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Termination of father’s rights upheld by court

Man objected to loss of his rights, wanted child placed with family

The Pennsylvania Superior Court has agreed with a Blair County judge who terminated the parental rights of a Blair County father because there was no evidence the child ever had a real relationship with her dad.

The father, who has been in and out of prison for the past four years, admitted that he was unable at this time to provide a home for the youngster, but he objected to the termination of his parental rights and supported a suggestion the child be placed with relatives of the mother.

Blair County Judge Timothy M. Sullivan issued a ruling last July terminating the father’s rights and rejecting attempts to place the child with relatives of the mother.

Blair County Children Youth and Families took custody of the youngster and tried placement with the child’s maternal great-grandmother, but the move did not work out.

Subsequently, child welfare changed their goal to adoption.

The youngster was placed in a foster home where, an agency representative testified, she is doing well and has become part of the family.

The Superior Court ruling by a three-judge panel was the second opinion issued in January involving a review of decisions by Blair County judges on rights of parents who have become drug-addicted and have landed in prison.

Judge Wade Kagarise, 10 days ago, issued an opinion rejecting a proposal that a mother’s parental rights be terminated, pointing out that the mother, even while spending more than two years in prison, had maintained contact with her child.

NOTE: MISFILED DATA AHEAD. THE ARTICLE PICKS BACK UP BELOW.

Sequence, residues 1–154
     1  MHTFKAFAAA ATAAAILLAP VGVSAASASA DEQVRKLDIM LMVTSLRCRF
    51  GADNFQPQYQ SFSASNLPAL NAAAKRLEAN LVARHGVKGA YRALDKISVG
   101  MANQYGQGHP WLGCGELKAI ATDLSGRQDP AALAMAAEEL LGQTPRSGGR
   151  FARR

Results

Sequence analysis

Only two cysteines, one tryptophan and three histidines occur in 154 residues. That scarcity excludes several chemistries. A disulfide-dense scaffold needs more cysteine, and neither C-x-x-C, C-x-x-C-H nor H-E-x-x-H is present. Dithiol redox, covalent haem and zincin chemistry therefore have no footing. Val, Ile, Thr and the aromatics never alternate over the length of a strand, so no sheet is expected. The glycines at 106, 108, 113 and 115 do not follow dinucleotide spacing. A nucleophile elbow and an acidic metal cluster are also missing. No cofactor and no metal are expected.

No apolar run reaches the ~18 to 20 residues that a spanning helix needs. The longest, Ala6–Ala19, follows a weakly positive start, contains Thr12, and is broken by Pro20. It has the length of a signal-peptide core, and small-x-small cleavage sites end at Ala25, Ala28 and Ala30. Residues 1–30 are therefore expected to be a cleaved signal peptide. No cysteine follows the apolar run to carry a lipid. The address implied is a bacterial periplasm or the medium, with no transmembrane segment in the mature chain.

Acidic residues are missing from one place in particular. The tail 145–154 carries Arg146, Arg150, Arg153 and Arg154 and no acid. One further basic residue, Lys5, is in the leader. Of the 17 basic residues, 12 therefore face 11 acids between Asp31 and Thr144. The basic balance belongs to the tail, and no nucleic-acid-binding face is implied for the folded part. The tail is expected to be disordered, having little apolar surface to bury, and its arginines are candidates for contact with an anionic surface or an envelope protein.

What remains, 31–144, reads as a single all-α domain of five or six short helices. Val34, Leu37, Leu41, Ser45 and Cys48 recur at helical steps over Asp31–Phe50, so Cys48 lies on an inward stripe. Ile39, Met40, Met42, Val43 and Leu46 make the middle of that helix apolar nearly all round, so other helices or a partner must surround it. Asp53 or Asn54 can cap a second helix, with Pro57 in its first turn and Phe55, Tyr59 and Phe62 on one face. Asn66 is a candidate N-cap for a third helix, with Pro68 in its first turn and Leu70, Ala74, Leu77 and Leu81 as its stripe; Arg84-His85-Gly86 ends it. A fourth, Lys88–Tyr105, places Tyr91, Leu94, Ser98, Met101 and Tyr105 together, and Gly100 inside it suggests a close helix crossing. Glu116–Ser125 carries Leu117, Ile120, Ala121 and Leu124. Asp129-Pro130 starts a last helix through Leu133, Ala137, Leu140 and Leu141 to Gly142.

In the opinion issued last Friday, the father, who had served time in both Blair and Cambria counties, had a spotty relationship with his preschool-age child.

“In foster parents’ care, (the) child is receiving the structure and attention she needs. Conversely, (the) father offered no testimony of any interaction with child. There is no record evidence that child even knew her father, let alone that she had a bond with him such that she would suffer any harm from permanently removing him from her life,” according to the opinion issued by Superior Court Senior Judge Eugene B. Strassburger.

He was joined in the opinion by judges Jacqueline O. Shogan and H. Geoffrey Moulton.

The case took a tragic turn last October.

The mother, who originally had custody of the child, died unexpectedly.

Sullivan had terminated the parental rights of both the mother and father.

The Superior Court had to decide if it should continue its review of the mother’s separate appeal in view of her death.

The court determined there were no Pennsylvania cases to provide direction, but, referring to a federal court case, the Pennsylvania judges concluded the mother’s death “renders the appeal moot,” which means any opinion on the mother’s rights at this point would have no “practical effect on the existing controversy.”

The mother, like the father, had a criminal history, including a positive drug test for amphetamines and marijuana in June 2013, when the child was only a year old.

Her drug abuse continued, and in May 2015 Sullivan granted custody to a relative of the mother and allowed only supervised contact between the child and her parents.

The Blair County judge held several days of hearings before ruling on the case, according to the Superior Court decision.

The final point made by the Superior Court referred to the father’s suggestion that placement of the child with the mother’s relatives was the appropriate solution.

Determination of a dependent child is not based on the wishes of a parent, the opinion stated. “More importantly, the courts of this Commonwealth have long held that a child’s life simply cannot be put on hold in the hope that a parent will summon the ability to handle the responsibilities of parenting.”

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